Tirana Incident introduces us to the eclectic world of SHIPS IN THE SKY by a droning synth pad and its modulations which go along with angelic whispers. The music is inspired by an unexplained sighting over Tirana in the summer of 2010. Celestial voices are blowing quiet airs over this drone wave, whose shadowy accentuation of the synth bass adds an emotional, dramatic and even somber touch to the opening. This feeling dissipates when the synth turns into a master DJ who plays a serenade interspersed with the jerk of synth pads, of keyboard riffs. Boom-boom, Tirana Incident becomes the album's first source of Electronica. Flirting with the world of Moonbooter, Thanasis Oikonomopoulos and David Marsh envelop this driving rhythm with a swarm of orchestrations that help propel the synth harmonies as high as these densifying, twirling orchestrations in harmony with the pounding of technoïd percussion. Angel Hair is built in an almost identical mold. The track features a more ethereal opening, with honey-colored orchestrations, voices and synth waves intertwining like a trio of auras. Arpeggios twinkle and swirl in circles around the 80-second. This river of sonic prisms shimmers of a suspended cadence that is buffeted by heavy percussion. The percussions are even more boom-booming than on Tirana Incident, especially when the bass mumbles quite heavily. The synth is just as harmonious, but only in the first third. The sequencer will take over from here! The rhythm is interspersed with two short atmosphericosmic phases. The sequencer plays a stunning game of shimmering rhythmic harmony in those quiet phases, while the rhythm reappears each times with more bass pulses and deafening percussion strokes. The cinematic, but psychedelic, opening of The Ariel School Incident relies on docile synth strings that coo with orchestral texture. More ardent filaments intrude on this gentle soaring, whose dreamy texture is disrupted by gypsy bow strokes and apocalyptic trumpet harmonies. A swarm of tiny footsteps, similar to those of the 72 students at Ariel School who claimed to have seen one or more silver-colored contraptions descend from the sky, runs between our ears, while the synth remains apocalyptically noble and the students, aged six to twelve, seem to quiver of terror. The sequencer dispels this filmic panorama with a powerful rhythmic undulation a few seconds into the 3rd minute. Although violent, the rhythm remains passive, stationary and continues to explore its lively, flickering fluctuations under a sky adorned with a few twinkling stars. Rubbery percussive stabs originate a rhythmic thrust that introduces itself with technoïd beats, guiding The Ariel School Incident towards another kind of rave party music in a cross between a spasmodic Berlin School and a techno à la Jean-Michel Jarre and Kraftwerk.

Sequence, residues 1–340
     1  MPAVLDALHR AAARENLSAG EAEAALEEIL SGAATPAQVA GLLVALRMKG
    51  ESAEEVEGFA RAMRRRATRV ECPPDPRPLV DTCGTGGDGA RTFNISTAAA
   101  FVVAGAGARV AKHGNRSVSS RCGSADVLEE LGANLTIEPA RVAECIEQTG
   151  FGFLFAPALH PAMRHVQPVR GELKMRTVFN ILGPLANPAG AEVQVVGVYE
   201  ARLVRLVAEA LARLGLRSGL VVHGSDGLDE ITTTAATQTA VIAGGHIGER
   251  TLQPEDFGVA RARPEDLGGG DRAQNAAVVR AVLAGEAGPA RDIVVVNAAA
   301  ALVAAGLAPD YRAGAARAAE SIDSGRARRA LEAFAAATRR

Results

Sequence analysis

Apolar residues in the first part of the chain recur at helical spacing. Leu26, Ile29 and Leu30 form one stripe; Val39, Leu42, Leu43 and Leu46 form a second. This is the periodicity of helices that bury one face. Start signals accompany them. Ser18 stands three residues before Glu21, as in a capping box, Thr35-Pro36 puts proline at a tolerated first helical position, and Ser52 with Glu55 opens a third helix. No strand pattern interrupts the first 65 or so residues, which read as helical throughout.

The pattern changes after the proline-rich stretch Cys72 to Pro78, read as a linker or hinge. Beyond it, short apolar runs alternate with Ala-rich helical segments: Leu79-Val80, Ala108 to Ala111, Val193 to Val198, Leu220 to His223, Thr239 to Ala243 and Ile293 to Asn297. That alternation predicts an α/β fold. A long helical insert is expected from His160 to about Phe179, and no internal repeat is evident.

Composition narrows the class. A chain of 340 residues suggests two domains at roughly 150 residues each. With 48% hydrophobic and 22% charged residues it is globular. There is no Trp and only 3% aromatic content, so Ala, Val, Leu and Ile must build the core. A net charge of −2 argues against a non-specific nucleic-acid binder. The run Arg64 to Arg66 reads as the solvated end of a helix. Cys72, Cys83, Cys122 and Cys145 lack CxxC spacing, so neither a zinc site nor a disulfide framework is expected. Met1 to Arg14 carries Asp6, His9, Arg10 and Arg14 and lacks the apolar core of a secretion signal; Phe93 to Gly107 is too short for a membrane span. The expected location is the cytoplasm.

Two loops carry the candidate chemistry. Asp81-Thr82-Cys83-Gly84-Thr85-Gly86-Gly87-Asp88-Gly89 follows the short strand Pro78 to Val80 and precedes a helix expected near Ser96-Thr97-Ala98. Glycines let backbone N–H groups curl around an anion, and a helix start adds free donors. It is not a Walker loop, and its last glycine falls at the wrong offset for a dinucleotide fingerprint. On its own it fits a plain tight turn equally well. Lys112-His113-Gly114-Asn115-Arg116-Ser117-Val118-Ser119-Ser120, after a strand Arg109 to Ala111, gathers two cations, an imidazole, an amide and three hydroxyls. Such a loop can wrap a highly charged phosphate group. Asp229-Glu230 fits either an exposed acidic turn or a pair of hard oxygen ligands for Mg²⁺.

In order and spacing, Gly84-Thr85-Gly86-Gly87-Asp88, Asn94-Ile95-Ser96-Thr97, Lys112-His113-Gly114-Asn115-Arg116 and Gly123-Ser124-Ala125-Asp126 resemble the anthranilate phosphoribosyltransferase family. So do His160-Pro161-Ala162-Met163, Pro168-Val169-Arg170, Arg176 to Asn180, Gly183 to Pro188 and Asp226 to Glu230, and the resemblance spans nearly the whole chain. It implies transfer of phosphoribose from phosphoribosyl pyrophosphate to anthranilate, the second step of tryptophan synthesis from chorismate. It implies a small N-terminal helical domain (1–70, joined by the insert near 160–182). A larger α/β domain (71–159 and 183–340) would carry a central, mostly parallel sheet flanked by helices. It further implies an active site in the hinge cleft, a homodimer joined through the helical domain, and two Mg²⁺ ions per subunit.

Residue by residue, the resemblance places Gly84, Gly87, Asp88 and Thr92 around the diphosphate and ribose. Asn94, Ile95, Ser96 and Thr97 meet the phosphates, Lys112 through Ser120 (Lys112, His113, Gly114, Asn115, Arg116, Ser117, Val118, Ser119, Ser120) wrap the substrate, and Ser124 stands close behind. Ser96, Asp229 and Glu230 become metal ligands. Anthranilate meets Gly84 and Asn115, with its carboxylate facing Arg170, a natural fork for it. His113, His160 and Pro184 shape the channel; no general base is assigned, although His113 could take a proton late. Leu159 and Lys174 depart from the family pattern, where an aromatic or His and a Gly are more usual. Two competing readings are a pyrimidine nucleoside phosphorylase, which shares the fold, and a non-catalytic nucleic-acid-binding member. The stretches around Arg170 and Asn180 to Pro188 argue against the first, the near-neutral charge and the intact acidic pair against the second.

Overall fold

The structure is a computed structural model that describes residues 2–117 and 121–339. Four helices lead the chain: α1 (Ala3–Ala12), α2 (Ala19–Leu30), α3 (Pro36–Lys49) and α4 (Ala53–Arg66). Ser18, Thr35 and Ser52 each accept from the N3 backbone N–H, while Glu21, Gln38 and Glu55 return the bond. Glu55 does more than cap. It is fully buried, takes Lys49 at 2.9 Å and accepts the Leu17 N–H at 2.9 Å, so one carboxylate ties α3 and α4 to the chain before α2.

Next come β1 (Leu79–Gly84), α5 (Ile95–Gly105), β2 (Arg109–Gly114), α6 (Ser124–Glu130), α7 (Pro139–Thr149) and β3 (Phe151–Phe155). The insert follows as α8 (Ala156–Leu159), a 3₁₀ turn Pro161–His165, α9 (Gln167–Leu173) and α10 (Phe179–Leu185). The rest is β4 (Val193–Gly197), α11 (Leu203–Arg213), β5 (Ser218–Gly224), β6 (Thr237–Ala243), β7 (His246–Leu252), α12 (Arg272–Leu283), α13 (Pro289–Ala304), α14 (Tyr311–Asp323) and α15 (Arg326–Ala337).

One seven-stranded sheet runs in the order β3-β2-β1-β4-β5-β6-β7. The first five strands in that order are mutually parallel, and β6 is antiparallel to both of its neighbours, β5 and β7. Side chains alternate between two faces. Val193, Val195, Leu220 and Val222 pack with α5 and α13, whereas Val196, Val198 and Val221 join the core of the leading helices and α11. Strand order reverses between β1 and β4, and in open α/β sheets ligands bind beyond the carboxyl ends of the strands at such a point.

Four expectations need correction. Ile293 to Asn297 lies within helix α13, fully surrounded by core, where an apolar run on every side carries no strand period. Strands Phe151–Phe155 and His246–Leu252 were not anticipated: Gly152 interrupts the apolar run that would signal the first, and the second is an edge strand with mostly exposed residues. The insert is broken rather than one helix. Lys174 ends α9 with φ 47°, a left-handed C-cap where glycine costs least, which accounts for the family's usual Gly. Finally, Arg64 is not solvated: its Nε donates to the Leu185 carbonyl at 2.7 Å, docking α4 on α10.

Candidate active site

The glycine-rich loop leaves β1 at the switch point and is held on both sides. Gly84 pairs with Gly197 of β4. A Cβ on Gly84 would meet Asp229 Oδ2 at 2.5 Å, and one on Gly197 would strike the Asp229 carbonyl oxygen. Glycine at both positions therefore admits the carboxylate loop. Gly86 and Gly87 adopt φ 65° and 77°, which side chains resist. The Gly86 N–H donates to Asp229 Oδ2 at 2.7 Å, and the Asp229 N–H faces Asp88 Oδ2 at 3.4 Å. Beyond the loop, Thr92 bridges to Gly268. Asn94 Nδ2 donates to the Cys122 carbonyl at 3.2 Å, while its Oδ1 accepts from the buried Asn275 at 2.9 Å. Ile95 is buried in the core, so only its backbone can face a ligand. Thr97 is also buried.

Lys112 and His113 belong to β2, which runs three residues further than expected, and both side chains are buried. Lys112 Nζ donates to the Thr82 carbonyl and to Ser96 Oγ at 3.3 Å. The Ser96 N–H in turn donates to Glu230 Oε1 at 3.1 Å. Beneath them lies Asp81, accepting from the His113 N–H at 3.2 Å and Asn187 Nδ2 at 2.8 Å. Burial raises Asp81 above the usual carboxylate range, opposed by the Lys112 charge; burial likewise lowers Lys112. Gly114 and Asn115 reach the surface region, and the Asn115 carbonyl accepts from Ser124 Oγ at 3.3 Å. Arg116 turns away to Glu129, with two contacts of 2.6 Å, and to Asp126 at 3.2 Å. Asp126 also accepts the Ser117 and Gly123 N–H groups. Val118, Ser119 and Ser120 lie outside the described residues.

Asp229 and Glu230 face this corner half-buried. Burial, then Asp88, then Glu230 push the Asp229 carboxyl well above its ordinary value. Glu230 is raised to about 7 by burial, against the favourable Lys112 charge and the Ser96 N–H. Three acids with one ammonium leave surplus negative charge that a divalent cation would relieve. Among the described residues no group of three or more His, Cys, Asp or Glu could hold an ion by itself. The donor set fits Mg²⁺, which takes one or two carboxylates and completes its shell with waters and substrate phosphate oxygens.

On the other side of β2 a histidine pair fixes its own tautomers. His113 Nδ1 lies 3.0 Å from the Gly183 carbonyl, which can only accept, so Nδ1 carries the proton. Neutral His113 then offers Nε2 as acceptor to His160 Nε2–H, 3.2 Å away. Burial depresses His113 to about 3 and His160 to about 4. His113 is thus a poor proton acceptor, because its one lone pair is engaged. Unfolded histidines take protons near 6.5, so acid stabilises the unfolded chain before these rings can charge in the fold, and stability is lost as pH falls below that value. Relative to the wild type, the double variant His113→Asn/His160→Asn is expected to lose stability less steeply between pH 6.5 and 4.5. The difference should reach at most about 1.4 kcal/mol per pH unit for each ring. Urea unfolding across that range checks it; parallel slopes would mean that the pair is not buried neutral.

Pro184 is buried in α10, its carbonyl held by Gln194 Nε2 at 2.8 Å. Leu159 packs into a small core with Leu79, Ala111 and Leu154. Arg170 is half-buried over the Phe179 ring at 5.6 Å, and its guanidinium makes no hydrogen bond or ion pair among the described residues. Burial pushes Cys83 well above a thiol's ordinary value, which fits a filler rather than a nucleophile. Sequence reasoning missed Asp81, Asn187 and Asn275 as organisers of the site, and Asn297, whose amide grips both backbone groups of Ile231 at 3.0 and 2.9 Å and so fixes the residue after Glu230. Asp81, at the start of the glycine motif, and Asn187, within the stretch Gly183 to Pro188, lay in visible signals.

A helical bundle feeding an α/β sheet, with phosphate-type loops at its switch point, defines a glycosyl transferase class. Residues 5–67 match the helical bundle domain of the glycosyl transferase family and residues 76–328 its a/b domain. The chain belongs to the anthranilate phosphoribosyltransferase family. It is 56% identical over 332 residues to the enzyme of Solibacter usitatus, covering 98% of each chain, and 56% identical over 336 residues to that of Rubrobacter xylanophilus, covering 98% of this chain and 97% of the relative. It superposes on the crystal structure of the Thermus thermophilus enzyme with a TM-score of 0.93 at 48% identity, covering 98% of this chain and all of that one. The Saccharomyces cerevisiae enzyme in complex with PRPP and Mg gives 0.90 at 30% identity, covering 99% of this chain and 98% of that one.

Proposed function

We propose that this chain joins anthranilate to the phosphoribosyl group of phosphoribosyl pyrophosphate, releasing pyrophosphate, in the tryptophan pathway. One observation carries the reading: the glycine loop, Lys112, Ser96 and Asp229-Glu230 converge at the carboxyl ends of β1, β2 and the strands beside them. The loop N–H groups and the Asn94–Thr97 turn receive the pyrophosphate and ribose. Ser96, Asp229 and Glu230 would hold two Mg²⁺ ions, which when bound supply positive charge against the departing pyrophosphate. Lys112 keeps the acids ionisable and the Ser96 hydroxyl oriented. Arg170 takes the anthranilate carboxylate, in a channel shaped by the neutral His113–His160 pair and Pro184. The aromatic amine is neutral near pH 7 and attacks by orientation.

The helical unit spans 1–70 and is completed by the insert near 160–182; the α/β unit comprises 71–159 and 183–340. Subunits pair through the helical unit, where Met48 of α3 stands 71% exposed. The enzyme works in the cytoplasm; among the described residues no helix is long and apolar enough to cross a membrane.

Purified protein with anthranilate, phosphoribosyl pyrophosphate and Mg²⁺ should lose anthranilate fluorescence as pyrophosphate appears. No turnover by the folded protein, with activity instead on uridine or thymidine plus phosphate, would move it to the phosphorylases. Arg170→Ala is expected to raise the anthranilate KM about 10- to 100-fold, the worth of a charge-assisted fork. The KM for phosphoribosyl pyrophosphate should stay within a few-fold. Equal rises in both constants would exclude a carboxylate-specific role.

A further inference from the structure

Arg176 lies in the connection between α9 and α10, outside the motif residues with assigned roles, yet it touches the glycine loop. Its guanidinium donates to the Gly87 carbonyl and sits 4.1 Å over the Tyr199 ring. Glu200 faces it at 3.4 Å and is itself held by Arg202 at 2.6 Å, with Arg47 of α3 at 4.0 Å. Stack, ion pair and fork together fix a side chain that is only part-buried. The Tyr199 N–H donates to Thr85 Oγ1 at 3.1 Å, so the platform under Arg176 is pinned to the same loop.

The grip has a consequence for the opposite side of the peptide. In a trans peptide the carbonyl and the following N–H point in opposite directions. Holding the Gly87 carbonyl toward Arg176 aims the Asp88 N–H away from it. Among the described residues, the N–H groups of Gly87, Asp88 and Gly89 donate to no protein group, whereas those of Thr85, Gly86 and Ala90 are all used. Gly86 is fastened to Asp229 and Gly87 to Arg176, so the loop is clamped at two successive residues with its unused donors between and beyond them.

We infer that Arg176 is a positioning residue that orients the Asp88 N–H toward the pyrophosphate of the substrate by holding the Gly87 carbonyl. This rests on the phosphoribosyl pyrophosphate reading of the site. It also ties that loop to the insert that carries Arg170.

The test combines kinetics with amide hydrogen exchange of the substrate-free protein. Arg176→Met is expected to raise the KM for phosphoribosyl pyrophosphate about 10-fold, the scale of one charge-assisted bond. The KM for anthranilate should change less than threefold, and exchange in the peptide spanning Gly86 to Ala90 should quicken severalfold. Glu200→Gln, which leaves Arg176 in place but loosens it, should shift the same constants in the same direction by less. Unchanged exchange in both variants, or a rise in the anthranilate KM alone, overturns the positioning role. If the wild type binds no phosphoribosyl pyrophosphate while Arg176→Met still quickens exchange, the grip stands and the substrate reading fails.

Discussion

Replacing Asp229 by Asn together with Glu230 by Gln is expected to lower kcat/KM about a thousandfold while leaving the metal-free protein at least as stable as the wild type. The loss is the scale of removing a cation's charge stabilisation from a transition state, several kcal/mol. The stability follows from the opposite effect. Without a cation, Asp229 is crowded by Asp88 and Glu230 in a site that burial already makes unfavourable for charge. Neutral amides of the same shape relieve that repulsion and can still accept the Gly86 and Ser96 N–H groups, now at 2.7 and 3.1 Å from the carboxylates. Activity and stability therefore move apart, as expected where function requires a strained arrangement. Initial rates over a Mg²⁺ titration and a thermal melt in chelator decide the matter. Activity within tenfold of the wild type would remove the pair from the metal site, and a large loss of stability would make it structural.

One closes our eyes and listen to Lubbock Lights. Atmospheric and hyper-melodic, with a piano that crumbles its melancholy in silky orchestrations, we think it's a track that Vangelis mislaid in the Rosetta sessions. Splendid! There's nothing more to write about. You have to read the story, available on Wikipedia and elsewhere in the vast universe of the Net, of Betty and Barney Hill to better understand the twists and turns in The Abduction of Betty & Barney. The title opens with a portion of Betty Hill's audio narration. The first few minutes have an orchestral nature, with a vague psybient effect appearing mostly around the 3-minute mark. At this precise moment, I'm thinking of the robot in Lost in Space going off the rails. Never mind, the rhythm settles in with the sequencer in ascending mode. The ratchet technique adds a delicious texture to the ears magnetized by this Berlin School. The rhythm hops along with an accentuation in the strength of the sound under dramatic Vangelis-style orchestrations and layers of chthonian voices. Another frenetic, yet stationary, rhythmic movement sweeps away this passive, yet entrancing for the neurons, structure just before the 6-minute mark. This ambient choreography for circular sequencer waves completes the last third of a track that has everything to please Berlin School aficionados. A big, juicy drone, undulating like an ophidian menace, is at the root of Phoenix '97 and its highly atmospheric first 4 minutes. Drones intertwine their waves, waltzing through the darkness of an evening where a series of luminous phenomena was observed over the states of Arizona and Nevada in March 1997. A translucent texture emits a veil of sizzle, adding an intriguing sci-fi touch to this fusion of drones and orchestrations, of which the impulse and ascent are accompanied by fluctuations at the level of intensity. Jumping keys, coated in a rubbery organic texture, create twinning lines that leap in parallel in an electronic rock that exhilarates with its bumpy gait. Wooden percussive elements begin to beat all around, accentuating a rhythmic dynamism that remains, all in all, catchier for the ears and neurons than the feet. Thaneco & Dask throws in some good synth solos in this watercolor of rhythm that is clearly more seductive than catchy. The duo surprise with a very good progressive rock on Miracle of the Sun. Well hammered by percussions and sectioned by sharp riffs, the rhythm grabs the attention immediately. It progresses from its heavy, slow envelope to increase in velocity and take on a circular tangent around the 4-minute mark. The nebulous haze of the orchestration hovers over this spheroidal movement, on which are grafted excellent elements of wood-tinkling percussions, Pink Floyd-sounding arpeggios and Tangerine Dream-sounding synth-mellotron solos. The title-track lets also hear some very interesting percussive elements, creating the sounds of tick-tock for a dysfunctional clock. The drones buzz like big, blood-seeking horseflies over a bed of more or less silky orchestrations. Some even have an apocalyptic air. In fact, Ships in the Sky plunges us into a dark universe to finally restore its presence with a good Berlin School propelled by a sequencer and its ratchet effects and embellished by synth solos visibly inspired by the Dream's universe, period Baumann-Franke-Froese. A superb way to conclude an album by Thaneco & DASK that exceeds our expectations. The duo has literally step out of its comfort zone by offering a more daring EM and Berlin School than in its first 3 opuses. Highly recommendable!

Sylvain Lupari (December 28th, 2023) ****½*

Available at SynGate Bandcamp

(NB: Texts in blue are links you can click on)